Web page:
Latin Gags: There’s Thrust in Brevity

Go Glad

Words that make me gag:

*micturate (to pee)
*macerate (to chew)
*parturition (birthing)

Writers studying craft tend to prefer the short, crunchy Anglo-Saxon portion of our lexicon over the more abstract latinates. Anglo-Saxon is pithy: Words like suck, chew, hit, piss, and fuck get to the point faster than their polysyllabic brethren. There’s thrust in brevity. The English language was not spared in the Roman conquests, and folks still use the language of its conquerors to sound important, sometimes laughably so.

I do like greco/latinates in the right place, but the words for bodily functions make me squirm. Whoever came up with “micturate” for gawd’s sakes? Ew. I will never run to the bathroom holding my crotch for fear of premature micturation. Maybe that’s why I dislike the word masturbation–a general clinical ickiness submerged in polysyllabic lip slapping (macerate on that one). The word sounds so clinical, depraved, shameful, nothing like the very human sport of jerking off that kids usually discover by age 13.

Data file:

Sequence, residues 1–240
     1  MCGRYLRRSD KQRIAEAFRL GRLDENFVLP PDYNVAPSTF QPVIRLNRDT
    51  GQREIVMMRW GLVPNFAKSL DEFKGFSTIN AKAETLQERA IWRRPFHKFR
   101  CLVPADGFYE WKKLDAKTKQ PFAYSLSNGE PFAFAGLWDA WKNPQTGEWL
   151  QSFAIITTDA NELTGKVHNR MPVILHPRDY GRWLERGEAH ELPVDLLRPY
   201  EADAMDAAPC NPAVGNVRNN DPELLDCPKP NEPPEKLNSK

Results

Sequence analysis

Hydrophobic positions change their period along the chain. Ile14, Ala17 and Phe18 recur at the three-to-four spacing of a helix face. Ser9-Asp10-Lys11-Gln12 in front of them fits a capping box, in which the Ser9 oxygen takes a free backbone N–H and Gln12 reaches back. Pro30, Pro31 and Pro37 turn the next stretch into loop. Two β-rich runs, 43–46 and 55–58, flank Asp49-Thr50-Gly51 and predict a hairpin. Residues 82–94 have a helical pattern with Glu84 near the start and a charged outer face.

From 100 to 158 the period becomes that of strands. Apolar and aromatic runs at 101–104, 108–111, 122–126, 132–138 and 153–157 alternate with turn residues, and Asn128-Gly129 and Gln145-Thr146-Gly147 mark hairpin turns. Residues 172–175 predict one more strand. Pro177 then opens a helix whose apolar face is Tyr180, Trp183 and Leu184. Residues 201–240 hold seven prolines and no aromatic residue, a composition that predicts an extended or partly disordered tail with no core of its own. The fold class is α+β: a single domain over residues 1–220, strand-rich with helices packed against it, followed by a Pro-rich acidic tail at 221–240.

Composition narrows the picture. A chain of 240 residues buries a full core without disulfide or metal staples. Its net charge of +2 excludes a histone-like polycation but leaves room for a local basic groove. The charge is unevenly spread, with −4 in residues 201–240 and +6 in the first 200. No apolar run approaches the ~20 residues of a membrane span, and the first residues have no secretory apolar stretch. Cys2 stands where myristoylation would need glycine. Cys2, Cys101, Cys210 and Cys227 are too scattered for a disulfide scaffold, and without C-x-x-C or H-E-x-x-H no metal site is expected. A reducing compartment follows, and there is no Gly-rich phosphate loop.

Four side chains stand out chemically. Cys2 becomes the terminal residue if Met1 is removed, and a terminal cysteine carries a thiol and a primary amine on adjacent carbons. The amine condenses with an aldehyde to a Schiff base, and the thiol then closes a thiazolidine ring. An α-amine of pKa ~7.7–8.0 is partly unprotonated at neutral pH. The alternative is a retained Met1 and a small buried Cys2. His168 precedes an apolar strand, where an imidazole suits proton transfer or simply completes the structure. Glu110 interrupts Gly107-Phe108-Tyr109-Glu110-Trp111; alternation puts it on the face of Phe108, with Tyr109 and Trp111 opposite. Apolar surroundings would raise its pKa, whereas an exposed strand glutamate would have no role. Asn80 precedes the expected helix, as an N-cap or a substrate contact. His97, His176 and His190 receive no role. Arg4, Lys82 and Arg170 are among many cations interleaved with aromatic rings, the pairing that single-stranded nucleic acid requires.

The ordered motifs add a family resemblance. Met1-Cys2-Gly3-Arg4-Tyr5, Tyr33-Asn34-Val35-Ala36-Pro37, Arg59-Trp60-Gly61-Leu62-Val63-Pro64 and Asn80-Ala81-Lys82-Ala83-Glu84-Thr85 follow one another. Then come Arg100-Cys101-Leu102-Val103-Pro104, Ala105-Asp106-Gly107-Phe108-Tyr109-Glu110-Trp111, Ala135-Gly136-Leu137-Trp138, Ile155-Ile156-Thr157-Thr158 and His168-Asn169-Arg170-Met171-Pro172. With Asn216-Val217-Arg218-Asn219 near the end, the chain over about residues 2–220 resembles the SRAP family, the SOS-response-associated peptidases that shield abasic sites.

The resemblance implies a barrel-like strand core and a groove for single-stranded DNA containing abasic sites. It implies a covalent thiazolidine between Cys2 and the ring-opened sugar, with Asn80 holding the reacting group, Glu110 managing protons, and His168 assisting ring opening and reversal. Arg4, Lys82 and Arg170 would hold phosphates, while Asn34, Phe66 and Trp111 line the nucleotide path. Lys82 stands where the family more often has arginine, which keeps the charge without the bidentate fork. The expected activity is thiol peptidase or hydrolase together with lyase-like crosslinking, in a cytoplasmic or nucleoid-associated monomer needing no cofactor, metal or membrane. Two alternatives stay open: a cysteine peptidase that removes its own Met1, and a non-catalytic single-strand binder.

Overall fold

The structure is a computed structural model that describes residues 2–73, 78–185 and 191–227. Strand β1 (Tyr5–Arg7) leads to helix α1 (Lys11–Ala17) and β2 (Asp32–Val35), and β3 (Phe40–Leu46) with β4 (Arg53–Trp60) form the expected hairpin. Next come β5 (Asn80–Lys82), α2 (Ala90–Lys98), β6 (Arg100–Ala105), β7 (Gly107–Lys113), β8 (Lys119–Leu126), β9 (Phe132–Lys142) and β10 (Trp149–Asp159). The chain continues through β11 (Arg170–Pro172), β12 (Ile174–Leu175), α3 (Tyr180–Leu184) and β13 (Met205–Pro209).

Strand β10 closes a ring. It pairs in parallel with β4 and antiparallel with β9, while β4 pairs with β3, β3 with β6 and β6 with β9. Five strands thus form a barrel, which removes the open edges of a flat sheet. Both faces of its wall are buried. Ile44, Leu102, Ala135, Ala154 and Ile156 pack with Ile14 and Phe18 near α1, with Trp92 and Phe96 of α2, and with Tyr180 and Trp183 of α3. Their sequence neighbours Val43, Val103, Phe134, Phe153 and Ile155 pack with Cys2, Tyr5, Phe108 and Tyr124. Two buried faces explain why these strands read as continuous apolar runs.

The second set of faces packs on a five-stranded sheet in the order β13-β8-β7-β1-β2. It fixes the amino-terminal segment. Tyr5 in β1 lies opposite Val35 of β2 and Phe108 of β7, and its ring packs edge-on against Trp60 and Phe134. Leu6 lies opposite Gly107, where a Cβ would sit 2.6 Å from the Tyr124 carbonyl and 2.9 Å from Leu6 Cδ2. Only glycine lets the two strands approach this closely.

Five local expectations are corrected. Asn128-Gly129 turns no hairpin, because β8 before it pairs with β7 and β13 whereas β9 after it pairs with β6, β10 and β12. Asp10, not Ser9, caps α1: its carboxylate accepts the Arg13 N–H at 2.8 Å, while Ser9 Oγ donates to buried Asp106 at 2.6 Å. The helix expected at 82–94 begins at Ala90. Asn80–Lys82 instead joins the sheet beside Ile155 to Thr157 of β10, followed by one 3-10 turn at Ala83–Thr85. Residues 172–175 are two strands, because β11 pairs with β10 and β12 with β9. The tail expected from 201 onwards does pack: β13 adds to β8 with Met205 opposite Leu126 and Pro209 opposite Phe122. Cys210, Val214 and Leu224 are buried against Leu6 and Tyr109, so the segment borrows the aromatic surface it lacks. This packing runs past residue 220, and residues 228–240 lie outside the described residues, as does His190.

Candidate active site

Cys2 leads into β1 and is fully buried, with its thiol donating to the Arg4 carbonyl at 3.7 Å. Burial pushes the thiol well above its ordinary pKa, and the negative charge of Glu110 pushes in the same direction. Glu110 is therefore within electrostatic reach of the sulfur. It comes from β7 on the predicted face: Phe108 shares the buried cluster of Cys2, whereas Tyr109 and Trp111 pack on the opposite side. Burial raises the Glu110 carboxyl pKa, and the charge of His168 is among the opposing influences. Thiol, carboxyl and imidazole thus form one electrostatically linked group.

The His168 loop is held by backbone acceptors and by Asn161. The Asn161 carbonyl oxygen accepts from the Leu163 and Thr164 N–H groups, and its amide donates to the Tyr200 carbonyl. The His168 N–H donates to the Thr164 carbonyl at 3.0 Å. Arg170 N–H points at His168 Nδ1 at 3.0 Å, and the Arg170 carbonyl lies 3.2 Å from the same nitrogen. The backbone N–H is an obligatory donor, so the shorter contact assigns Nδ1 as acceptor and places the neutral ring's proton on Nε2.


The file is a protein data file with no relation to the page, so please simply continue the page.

*sternutation: Who would ever think this means “to sneeze”? How about “snatiation”–this is sneezing uncontrollably on a full stomach, a recent amusing coinage; the Romance language lends itself to such unromantic pairings.

Latinates can give writers the perfect word in the right context; it’s a damned shame when writers and editors use it to obfuscate or, as in so much science/nonfiction writing, when they need to deploy the Squid Technique: that’s when you don’t know what to say (or how to say it) so you hide behind a cloud of ink.

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